The Dynamic Heart - Computational Tools for Studying Cardiac Growth and Remodeling (DynaComp)

The Dynamic Heart - Computational Tools for Studying Cardiac Growth and Remodeling (DynaComp)


The heart is a dynamic organ that continuously adapts to the needs of the body. The adaptation is normally useful and necessary, for example when physical exercise causes the heart to grow larger and pump more powerfully, to increase blood flow and oxygen supply to the body. But in some chronic heart diseases, the heart's adaptability can work against its purpose, and contribute to aggravate the function rather than improve it. For instance, the heart wall may grow thicker, which can make the heart pump more forcefully and supply more blood to the body, but at the same time makes the heart stiffer. A stiffer heart may not be properly filled for each heartbeat, and reduced filling gives less blood to eject and therefore reduced performance. The heart can try to compensate for this by growing even bigger and thicker, which worsens the problem and may lead to a vicious cycle that over time leads to heart failure. To give optimal treatment for chronic heart patients it is important to understand the physiological processes that drive the heart's adaptation, and what makes these vital mechanisms turn harmful in some situations. In the DynaComp project, we will use mathematical models and computer simulations to compute the mechanical forces in the heart muscle during a heartbeat, both for healthy hearts and in disease. In addition, we will create models for how these forces make the heart grow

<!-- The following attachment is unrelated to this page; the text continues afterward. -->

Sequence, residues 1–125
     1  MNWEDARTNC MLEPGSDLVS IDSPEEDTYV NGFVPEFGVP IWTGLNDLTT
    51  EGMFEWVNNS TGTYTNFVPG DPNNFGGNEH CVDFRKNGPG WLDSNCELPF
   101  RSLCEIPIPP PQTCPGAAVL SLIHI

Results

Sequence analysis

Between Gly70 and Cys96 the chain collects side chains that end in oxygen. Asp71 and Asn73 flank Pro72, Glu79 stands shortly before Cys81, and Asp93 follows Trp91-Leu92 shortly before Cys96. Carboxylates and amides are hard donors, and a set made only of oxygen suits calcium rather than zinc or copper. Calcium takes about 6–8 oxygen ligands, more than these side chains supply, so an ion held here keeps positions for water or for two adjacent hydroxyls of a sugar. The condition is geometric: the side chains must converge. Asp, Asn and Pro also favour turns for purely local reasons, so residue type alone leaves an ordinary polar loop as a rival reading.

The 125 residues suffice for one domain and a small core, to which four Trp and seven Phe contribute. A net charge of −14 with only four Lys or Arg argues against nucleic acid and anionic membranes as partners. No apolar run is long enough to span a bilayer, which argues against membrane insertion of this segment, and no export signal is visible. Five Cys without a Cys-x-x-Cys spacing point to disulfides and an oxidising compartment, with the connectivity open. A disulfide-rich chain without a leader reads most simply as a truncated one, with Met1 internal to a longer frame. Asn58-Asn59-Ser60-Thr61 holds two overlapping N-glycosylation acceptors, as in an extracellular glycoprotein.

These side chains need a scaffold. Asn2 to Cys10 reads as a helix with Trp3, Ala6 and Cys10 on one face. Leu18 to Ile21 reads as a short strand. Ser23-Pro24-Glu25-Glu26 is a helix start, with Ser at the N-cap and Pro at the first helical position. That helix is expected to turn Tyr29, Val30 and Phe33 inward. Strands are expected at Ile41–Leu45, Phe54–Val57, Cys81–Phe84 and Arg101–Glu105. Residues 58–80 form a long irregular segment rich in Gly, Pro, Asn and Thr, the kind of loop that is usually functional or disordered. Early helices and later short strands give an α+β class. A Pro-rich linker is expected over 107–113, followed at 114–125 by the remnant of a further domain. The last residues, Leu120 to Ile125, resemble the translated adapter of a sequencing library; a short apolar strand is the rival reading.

and adapt over time, and how the dynamics of this process is altered during disease. The results of the project can provide a better understanding of the physiology of the heart, and lead to better diagnosis and treatment of chronic heart disease.

Funding source: 

Researcher Project for Scientific Renewal (The Research Council of Norway) 


Institute for Experimental Medical Research, The University of Oslo

Joakim Sundnes

Director of SRL Research